An optical example for classical Zeno effect

Source: arXiv

ABSTRACT In this brief report, we present a proposal to observe the classical zeno effect via the frequent measurement in optics. Comment: 2 pages, 2 figures

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    ABSTRACT: It was predicted that frequently repeated measurements on an unstable quantum state may alter the decay rate of the state. This is called the quantum Zeno effect (QZE) or the anti-Zeno effect (AZE), depending on whether the decay is suppressed or enhanced. In conventional theories of the QZE and AZE, effects of measurements are simply described by the projection postulate, assuming that each measurement is an instantaneous and ideal one. However, real measurements are not instantaneous and ideal. For the QZE and AZE by such general measurements, interesting and surprising features have recently been revealed, which we review in this article. The results are based on the quantum measurement theory, which is also reviewed briefly. As a typical model, we consider a continuous measurement of the decay of an excited atom by a photodetector that detects a photon emitted from the atom upon decay. This measurement is an indirect negative-result one, for which the curiosity of the QZE and AZE is emphasized. It is shown that the form factor is renormalized as a backaction of the measurement, through which the decay dynamics is modified. In a special case of the flat response, where the detector responds to every photon mode with an identical response time, results of the conventional theories are reproduced qualitatively. However, drastic differences emerge in general cases where the detector responds only to limited photon modes. For example, against predictions of the conventional theories, the QZE or AZE may take place even for states that exactly follow the exponential decay law. We also discuss relation to the cavity quantum electrodynamics. Comment: 82 pages, 36 figures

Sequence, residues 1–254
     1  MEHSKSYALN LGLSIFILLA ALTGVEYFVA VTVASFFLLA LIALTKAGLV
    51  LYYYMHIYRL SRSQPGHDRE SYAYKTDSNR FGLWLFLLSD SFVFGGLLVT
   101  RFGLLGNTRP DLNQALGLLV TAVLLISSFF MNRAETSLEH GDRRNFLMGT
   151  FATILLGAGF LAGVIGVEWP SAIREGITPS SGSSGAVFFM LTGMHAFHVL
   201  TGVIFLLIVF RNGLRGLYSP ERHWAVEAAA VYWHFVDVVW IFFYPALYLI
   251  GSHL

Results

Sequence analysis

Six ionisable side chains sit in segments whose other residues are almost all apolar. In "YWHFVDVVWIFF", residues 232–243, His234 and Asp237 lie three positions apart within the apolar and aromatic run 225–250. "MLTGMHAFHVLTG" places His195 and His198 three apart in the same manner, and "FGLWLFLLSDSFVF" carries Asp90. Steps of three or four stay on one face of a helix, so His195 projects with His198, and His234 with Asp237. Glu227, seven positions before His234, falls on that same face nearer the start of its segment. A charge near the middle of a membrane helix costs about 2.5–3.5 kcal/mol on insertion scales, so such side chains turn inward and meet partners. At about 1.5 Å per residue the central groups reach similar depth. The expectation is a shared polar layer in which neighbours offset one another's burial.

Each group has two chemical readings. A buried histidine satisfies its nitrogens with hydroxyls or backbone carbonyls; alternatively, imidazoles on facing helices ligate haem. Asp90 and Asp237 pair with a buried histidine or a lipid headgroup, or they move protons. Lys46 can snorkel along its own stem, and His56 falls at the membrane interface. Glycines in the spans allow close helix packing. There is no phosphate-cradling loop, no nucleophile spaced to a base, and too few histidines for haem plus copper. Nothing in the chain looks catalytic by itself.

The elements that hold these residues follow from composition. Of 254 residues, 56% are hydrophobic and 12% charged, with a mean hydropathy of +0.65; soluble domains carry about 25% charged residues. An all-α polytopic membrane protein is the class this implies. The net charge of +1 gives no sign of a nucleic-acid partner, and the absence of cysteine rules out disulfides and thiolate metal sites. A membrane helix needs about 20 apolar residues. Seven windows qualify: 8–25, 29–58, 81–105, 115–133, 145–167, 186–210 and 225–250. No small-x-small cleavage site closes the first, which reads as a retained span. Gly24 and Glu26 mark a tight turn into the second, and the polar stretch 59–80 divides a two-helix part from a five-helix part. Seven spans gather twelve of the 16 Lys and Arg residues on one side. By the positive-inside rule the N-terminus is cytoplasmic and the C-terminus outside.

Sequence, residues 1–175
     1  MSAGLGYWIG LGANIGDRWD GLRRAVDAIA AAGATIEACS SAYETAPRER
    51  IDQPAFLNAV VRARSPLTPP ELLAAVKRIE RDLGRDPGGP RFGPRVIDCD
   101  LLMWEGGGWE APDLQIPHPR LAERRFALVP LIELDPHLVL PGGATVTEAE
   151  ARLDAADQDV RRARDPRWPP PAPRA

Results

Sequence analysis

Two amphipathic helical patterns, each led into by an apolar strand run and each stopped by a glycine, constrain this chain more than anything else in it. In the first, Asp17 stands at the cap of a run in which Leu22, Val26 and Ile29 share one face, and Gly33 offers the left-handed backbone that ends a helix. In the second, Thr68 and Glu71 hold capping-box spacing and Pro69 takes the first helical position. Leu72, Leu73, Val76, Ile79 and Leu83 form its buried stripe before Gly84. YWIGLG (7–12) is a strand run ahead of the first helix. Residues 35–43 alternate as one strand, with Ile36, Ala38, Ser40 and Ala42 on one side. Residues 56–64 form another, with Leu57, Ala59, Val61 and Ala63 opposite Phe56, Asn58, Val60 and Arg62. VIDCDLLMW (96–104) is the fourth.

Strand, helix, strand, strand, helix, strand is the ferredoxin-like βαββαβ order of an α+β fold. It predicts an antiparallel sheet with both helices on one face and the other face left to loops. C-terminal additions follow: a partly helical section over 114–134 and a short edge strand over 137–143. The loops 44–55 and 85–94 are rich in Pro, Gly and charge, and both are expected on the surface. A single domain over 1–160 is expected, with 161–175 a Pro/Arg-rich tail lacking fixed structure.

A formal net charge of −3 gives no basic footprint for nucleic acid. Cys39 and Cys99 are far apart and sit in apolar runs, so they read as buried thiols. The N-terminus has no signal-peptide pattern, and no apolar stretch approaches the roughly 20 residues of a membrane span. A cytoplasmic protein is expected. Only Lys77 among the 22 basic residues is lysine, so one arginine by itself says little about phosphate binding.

Physics Reports 11/2004; 412(4). DOI:10.1016/j.physrep.2005.03.001 · 22.91 Impact Factor
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    ABSTRACT: As a classical state, for instance a digitized image, is transferred through a classical channel, it decays inevitably with the distance due to the surroundings' interferences. However, if there are enough number of repeaters, which can both check and recover the state's information continuously, the state's decay rate will be significantly suppressed, then a classical Zeno effect might occur. Such a physical process is purely classical and without any interferences of living beings, therefore, it manifests that the Zeno effect is no longer a patent of quantum mechanics, but does exist in classical stochastic processes. Comment: 4 pages, 3 figures
    Chinese Physics Letters 11/2009; 29(1). DOI:10.1088/0256-307X/29/1/010303 · 0.95 Impact Factor
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    ABSTRACT: Super Mario is imprisoned by a demon in a finite potential well. He can escape from the well with the help of a flight of magic stairs floating in the space. However, the hateful demon may occasionally check his status. At that time, he has to make a judgement of either jumping to the inside ground immediately in order to avoid the discovery of his escape intention, or speeding up his escape process. Therefore, if the demon checks him too frequently such that there is no probability for him to reach the top of the barrier, he will be always inside the well, then a classical Zeno effect occurs. On the other hand, if the time interval between two subsequent checks is large enough such that he has a higher probability of being beyond the demon's controllable range already, then the demon's check actually speeds up his escape and a classical anti-Zeno effect takes place. Comment: 4 pages, 4 figures
    EPL (Europhysics Letters) 06/2009; 88(2). DOI:10.1209/0295-5075/88/20007 · 2.27 Impact Factor


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